My bedroom, 11pm

It was 2020; a global pandemic had brought the world to an abrupt halt and sentenced us all to solitude, but apparently, I was still obliged to get older. Even if that meant that the usually momentous experience of reaching adulthood had to be celebrated alone. It seems that the Fates had decided that the occurrence of COVID-19 was of greater importance than me – an overachieving, reclusive, pretentious “writer”-type – successfully reaching 18 years of life, which (trust me!) is quite the achievement.

Even ignoring the lockdown, there’s a certain melancholy to your 18th birthday. It is the unsettling feeling that your adolescence is gone, and with it the hope of experiencing the carefree joys of a misspent youth – a youth that is allowed to be misspent because you are young. An anxious child, I had never taken to such frivolous behaviour for fear of reproach, and I have always regretted the part of me that prevented me from ever truly being a teenager. There is no small amount of sadness that has arisen from this regret, but the time for foolish delights had come and gone; there was only the dread of mounting responsibilities, expectations, and an ambiguous and seemingly unnavigable future that awaited me. This angst was only exacerbated by the necessity that my birthday be experienced alone.

It was getting late, but I was intent on compensating for my unremarkable adolescence by spending every remaining second of it as best I could (given the circumstances placed before me), namely by listening to Florence + The Machine.

It was during this rumination on the happiness that could have been and never was that the song interrupts my thoughts. Although being their most famous song, Dog Days Are Over was never one of my favourites, as it had just never resonated like their other work. But on the night of the death of my childhood, it was the greatest song I had ever heard.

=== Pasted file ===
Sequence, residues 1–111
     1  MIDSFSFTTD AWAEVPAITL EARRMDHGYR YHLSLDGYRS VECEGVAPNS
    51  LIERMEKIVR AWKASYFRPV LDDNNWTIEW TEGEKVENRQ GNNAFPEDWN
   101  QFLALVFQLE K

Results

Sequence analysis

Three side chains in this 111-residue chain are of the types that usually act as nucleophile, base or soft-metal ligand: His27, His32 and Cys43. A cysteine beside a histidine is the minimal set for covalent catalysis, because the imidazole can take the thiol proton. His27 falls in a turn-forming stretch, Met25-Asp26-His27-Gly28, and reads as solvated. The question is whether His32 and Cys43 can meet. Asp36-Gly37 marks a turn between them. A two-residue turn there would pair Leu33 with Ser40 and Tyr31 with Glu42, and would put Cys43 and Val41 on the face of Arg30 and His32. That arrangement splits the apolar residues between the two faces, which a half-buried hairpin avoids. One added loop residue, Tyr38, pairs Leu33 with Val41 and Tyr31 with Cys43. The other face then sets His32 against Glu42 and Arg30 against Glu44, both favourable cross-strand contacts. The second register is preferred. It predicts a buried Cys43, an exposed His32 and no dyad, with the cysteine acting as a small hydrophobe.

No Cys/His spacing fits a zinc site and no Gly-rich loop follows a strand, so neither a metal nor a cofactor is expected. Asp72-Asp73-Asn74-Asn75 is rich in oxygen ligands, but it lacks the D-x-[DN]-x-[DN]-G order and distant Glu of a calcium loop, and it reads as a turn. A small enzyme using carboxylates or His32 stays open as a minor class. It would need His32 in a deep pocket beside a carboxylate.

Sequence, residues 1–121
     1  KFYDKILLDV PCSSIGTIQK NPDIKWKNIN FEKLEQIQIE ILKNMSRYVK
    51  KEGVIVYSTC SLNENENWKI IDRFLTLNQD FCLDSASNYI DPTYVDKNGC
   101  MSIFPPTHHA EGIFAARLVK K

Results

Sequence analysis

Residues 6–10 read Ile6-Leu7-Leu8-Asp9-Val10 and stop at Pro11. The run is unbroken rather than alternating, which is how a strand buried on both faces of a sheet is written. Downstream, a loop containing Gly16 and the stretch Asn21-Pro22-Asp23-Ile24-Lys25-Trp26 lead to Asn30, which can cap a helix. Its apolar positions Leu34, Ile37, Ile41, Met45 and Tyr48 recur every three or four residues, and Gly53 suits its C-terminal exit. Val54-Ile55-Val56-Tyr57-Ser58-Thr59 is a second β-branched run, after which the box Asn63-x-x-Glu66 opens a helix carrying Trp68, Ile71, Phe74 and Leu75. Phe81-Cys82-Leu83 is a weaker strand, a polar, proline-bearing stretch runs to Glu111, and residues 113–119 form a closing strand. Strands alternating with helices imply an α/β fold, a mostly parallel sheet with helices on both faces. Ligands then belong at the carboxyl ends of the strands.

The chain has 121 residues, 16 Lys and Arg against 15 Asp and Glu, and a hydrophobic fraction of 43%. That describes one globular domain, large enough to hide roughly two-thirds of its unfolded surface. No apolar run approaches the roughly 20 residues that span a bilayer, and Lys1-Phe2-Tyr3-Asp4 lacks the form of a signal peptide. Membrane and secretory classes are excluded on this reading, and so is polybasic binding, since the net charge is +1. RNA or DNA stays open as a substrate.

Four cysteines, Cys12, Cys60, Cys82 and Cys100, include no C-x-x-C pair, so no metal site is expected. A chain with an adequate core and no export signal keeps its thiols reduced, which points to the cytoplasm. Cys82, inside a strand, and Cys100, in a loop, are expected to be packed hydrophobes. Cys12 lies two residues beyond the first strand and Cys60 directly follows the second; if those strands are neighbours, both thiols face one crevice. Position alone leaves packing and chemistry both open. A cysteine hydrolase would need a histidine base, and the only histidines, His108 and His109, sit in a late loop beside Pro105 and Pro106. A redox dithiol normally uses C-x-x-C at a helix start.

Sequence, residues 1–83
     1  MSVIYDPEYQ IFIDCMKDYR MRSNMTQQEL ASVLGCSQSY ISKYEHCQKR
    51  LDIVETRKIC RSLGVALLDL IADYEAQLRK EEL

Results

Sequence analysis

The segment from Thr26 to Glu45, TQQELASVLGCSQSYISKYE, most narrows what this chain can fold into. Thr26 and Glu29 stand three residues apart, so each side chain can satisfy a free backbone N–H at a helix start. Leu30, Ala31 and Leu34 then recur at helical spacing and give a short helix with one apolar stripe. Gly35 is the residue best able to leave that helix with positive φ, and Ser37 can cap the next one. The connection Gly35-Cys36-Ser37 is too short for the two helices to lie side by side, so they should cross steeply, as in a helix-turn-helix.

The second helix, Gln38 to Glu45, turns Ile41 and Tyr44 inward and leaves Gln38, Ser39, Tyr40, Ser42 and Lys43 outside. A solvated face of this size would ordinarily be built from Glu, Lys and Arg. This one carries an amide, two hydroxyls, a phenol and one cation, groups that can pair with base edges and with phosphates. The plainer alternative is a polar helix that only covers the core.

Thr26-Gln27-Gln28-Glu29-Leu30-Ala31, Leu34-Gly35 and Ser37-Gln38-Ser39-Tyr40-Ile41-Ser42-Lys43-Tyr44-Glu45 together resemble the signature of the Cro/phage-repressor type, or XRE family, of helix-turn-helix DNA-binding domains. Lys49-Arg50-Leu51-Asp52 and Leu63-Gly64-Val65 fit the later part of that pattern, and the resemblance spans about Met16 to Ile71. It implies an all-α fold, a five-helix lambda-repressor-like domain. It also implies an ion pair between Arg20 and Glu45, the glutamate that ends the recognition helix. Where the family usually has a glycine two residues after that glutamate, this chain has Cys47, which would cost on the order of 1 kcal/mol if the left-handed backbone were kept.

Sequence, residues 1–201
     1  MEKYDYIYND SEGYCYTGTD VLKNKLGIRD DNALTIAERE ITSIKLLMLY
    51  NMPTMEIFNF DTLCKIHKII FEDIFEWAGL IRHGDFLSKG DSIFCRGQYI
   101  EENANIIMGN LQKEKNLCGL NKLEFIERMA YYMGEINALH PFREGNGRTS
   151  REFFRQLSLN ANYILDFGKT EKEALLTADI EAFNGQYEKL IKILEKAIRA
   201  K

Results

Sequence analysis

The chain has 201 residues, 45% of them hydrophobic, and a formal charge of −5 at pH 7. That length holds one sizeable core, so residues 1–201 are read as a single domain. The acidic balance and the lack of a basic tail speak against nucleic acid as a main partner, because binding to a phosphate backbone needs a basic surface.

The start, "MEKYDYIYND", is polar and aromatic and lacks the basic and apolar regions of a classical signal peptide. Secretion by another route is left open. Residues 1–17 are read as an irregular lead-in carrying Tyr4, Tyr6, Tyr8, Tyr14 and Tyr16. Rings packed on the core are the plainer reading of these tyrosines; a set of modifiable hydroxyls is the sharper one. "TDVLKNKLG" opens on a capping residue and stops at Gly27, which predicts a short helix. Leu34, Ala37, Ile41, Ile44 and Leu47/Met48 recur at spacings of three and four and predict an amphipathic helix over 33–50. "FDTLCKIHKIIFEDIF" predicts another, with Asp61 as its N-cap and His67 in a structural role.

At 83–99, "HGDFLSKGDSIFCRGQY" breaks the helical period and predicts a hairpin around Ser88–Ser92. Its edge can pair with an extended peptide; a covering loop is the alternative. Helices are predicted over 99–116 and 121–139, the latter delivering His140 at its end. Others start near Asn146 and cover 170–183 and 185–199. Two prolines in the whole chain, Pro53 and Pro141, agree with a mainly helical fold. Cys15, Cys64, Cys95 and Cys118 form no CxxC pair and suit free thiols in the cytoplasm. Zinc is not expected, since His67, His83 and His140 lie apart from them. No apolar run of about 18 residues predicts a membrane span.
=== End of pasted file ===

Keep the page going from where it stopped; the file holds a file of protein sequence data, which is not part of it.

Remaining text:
Happiness hit her like a train on a track

Coming towards her, stuck still, no turning back

In that final hour, I felt compelled to dance. I’ve never been a dancer, nor have I ever truly felt the inclination, but suddenly, I felt the desperate need to stand up and flail around my bedroom like a madman. Jump around with no one to judge me for a lack of “maturity” or berate me for being “childish”. Florence’s otherworldly voice had liberated me, and for a few ephemeral minutes, I felt the pure, unadult(erated) joy of being a teenager.

Run fast for your mother, fun fast for your father

Run for your children, for your sisters and brothers

Leave all your love and your longing behind you

Can’t carry it with you if you want to survive

And with it came an understanding and a resolution: the understanding that my life is my own to govern and my own to lead and is, therefore, not beholden to the wills of others; and the resolution to embrace all that remains of my life unapologetically, and without consideration for the anxious twittering of that other self or the judgment of joyless adults.

Who said that childhood had to be the greatest time of your life?

The dog days are over

The dog days are done

I knew then, and announce proudly now, that the meaning of happiness is dancing alone in your pyjamas on the night of your 18th birthday.

Can’t you hear the horses

‘Cause here they come

 

Stereo Story #572

 

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As well as Florence + the Machine, Steven's favourite performers include Hozier, Fleetwood Mac, and Patti Smith.